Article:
SpaceX CEO Elon Musk has some ambitious plans to turn humanity into an multiplanetary species.
With the aid of a fleet of Starship spacecraft, the intrepid billionaire wants to establish a permanent foothold on Mars, one million people strong, by 2050.
Now, Musk is publicly fleshing out his vision further.
"Life in glass domes at first," Musk wrote in a Thursday tweet, responding to a question about what life on Mars will look like early on. "Eventually, terraformed to support life, like Earth."
Scientists and science fiction authors have long suggested that terraforming could allow humans to breathe on the open Martian surface. But that vision is still a distant dream — far beyond the first Martian bases, according to Musk.
"Terraforming will be too slow to be relevant in our lifetime," Musk wrote in a follow-up tweet. "However, we can establish a human base there in our lifetime. At least a future spacefaring civilization — discovering our ruins — will be impressed humans got that far."
Terraforming Mars is indeed a massive undertaking. An analysis last year concluded that it may require 3,500 nuclear warheads every single day to increase Mars' atmospheric pressure to breathable levels and melt the planet's ice caps in order to release carbon dioxide, which will then be trapped in the form of greenhouses gases.
But there's one big snag with that plan. The ensuing radiation would also turn the surface completely inhabitable.
And a 2018 study also concluded that there simply isn't enough trapped carbon dioxide on the Red Planet to sufficiently raise enough atmospheric pressure to sustain humans on the surface.
But those limitations aren't going to stop Musk from going after his dream of establishing a permanent presence there.
Musk has previously claimed that with the help of "a thousand" Starship spacecraft, massive rockets he says will be capable of carrying to 100 tons of cargo or 100 passengers between planets, "a sustainable Mars city" could be established. About 100 vehicles would each have to carry 100 tons of cargo every two years, according to Musk's calculations.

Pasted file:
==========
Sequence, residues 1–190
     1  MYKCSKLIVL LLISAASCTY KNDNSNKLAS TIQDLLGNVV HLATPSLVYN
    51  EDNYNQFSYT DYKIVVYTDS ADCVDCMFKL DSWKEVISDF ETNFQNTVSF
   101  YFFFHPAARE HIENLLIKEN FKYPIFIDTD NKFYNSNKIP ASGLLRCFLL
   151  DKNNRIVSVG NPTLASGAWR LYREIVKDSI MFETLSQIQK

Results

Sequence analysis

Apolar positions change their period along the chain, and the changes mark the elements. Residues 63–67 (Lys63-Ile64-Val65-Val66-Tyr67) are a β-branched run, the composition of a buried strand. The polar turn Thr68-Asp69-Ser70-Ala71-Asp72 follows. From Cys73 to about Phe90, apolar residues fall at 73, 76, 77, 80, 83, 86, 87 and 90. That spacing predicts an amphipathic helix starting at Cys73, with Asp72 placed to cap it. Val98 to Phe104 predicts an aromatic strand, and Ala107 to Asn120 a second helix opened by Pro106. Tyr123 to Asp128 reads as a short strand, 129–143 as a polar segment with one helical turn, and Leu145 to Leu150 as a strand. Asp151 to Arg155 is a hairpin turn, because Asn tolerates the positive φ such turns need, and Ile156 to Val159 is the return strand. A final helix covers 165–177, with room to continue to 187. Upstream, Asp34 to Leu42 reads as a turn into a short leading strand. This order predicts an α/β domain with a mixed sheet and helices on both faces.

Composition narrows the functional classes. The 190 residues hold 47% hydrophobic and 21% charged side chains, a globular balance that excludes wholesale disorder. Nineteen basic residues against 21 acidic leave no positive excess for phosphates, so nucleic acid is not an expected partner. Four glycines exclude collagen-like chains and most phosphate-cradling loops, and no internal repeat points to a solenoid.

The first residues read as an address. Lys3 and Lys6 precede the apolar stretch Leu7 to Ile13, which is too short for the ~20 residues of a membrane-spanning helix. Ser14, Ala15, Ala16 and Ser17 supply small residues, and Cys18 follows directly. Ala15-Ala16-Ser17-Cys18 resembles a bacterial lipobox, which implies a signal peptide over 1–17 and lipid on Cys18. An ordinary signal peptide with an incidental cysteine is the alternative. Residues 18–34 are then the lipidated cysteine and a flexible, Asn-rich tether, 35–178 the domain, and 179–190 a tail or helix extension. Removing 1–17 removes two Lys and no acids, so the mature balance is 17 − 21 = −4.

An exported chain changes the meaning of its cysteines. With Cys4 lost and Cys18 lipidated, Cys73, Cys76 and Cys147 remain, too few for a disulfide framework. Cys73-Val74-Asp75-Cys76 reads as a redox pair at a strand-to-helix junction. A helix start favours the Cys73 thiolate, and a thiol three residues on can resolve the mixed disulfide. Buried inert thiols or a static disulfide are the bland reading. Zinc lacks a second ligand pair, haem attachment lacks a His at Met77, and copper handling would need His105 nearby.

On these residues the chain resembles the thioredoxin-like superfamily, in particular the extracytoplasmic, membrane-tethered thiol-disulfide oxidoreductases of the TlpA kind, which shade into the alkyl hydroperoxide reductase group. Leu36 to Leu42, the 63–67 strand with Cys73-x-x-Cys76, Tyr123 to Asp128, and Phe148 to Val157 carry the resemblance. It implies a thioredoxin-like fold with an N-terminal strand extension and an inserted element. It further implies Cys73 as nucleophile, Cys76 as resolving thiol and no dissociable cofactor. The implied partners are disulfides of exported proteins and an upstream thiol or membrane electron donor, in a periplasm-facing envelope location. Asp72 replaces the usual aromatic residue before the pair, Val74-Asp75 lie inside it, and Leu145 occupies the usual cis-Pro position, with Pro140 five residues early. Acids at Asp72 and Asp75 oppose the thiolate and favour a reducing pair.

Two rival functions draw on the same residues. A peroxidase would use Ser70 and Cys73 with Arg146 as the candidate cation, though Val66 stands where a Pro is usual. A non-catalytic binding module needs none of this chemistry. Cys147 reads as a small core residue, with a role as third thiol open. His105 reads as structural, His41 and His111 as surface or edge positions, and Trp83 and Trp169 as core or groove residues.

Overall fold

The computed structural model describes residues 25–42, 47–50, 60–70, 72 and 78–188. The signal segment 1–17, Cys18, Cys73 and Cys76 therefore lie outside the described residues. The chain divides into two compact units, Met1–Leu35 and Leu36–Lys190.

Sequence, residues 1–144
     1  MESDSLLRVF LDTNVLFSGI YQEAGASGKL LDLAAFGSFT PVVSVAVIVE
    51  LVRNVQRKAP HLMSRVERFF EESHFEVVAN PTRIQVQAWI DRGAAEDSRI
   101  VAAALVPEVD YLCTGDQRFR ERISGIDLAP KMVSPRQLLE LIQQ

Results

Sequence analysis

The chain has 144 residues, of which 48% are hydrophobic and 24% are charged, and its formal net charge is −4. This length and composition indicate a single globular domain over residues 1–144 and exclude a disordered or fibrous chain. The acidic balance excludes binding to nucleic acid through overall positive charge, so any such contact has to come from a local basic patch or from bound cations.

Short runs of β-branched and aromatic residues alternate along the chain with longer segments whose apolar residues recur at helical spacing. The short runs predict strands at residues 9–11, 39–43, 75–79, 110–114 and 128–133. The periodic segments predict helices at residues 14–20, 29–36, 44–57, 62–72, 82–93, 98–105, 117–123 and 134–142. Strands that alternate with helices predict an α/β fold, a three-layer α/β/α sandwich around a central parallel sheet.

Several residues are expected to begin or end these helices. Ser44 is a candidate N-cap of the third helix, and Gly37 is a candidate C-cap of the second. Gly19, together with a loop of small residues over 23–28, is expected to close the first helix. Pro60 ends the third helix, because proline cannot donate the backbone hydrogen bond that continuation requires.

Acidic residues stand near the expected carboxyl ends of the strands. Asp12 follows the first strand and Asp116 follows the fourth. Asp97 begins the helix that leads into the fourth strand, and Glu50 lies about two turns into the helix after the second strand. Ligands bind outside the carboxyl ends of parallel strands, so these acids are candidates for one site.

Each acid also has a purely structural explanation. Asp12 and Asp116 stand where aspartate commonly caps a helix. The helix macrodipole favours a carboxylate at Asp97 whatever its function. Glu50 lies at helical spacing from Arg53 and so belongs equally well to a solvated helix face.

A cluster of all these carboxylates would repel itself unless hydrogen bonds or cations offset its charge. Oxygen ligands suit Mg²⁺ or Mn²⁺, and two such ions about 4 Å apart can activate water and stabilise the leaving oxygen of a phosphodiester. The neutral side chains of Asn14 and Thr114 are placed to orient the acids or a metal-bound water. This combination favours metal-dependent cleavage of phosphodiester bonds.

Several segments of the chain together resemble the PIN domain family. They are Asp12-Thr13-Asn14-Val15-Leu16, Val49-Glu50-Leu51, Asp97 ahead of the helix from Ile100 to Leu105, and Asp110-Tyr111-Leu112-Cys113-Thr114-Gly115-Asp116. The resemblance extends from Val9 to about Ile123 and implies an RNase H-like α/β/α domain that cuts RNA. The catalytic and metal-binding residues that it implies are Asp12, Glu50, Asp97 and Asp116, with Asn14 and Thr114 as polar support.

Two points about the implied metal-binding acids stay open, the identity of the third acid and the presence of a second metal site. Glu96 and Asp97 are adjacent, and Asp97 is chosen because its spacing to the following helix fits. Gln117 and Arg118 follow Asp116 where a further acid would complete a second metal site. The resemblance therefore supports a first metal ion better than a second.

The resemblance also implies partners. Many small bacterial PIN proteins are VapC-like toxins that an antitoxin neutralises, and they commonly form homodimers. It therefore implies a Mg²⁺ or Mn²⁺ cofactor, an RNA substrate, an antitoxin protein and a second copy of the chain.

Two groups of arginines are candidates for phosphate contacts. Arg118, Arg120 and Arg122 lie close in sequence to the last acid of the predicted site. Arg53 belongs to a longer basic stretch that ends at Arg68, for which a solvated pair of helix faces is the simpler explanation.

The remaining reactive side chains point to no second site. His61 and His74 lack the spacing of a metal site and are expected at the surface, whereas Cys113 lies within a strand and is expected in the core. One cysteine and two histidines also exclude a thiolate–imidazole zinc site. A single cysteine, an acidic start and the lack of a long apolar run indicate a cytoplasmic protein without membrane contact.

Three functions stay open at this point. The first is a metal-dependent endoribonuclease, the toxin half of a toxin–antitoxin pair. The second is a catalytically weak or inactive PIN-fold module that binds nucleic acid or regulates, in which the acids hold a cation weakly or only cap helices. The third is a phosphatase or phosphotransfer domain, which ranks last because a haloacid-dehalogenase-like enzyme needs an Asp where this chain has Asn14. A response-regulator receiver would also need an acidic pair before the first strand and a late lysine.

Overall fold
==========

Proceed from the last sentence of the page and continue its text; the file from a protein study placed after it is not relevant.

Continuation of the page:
Early settlements might look a little rough around the edges.
"Getting to Mars, I think, is not the fundamental issue," he said during a September virtual Humans to Mars summit. "The fundamental issue is building a base, building a city on Mars that is self-sustaining."
"I want to emphasize, this is a very hard and dangerous and difficult thing," he added at the time. "Not for the faint of heart. Good chance you’ll die. And it’s going to be tough, tough going, but it’ll be pretty glorious if it works out."
The ambition lies very close to the entrepreneur's heart — or at least his marketing strategy.
"If we don’t improve our pace of progress, I’m definitely going to be dead before we go to Mars," Musk said during the Satellite 2020 conference in Washington back in March.
His space company has come a long way in turning Starship a reality. Several early prototypes have already taken to the skies, albeit only to a height of roughly 500 feet. In the following weeks, the first prototype will attempt fly to an altitude to nine miles.
If everything goes according to Musk's ambitious plan, the first Starship will make its way to Mars as soon as 2024.
READ MORE: Terraform Mars: Elon Musk says a Mars city of 'glass domes' comes first [Inverse]
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